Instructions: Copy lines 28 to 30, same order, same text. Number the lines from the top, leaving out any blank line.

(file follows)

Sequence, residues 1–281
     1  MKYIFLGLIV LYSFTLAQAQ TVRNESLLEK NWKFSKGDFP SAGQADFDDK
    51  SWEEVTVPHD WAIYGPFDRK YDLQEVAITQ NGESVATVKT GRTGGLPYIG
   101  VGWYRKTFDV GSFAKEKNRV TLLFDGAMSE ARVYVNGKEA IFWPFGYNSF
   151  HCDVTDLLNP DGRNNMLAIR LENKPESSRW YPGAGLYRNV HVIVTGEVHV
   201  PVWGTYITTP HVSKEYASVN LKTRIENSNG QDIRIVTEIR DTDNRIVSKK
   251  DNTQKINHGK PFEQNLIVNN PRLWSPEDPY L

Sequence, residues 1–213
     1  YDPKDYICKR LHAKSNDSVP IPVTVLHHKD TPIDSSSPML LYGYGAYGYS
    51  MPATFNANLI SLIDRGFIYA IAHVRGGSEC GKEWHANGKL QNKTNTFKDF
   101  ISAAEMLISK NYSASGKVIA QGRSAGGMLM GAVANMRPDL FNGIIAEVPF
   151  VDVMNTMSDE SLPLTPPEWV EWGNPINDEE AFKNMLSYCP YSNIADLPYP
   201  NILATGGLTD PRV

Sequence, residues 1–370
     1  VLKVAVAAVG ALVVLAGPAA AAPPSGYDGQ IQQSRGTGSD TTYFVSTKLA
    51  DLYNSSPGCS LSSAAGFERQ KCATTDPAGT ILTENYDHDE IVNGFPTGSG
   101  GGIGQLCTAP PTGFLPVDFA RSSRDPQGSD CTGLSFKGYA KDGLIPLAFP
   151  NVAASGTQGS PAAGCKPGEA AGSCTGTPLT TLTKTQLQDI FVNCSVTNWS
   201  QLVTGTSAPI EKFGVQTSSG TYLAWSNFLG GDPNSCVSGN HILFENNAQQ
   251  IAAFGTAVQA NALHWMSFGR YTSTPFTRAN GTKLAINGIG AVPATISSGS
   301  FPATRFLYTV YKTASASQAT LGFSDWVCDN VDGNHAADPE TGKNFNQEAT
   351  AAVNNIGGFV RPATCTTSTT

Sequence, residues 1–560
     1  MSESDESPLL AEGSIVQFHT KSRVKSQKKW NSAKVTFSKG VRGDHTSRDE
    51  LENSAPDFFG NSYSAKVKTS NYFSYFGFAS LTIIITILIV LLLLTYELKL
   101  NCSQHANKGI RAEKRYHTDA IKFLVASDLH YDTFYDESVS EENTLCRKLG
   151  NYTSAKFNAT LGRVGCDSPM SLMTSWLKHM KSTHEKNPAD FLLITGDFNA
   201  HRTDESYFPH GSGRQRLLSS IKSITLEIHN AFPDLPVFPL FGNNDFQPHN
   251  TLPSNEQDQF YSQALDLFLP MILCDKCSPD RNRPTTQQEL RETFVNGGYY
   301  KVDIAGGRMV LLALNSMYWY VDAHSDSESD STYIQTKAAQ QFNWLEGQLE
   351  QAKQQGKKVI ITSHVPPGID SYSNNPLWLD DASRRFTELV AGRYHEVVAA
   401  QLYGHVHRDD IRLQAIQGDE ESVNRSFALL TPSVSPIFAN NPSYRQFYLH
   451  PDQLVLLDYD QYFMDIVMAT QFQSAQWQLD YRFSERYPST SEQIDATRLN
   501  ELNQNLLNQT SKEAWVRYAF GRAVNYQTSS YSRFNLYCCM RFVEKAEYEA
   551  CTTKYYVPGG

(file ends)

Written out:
   201  HRTDESYFPH GSGRQRLLSS IKSITLEIHN AFPDLPVFPL FGNNDFQPHN
   251  TLPSNEQDQF YSQALDLFLP MILCDKCSPD RNRPTTQQEL RETFVNGGYY
   301  KVDIAGGRMV LLALNSMYWY VDAHSDSESD STYIQTKAAQ QFNWLEGQLE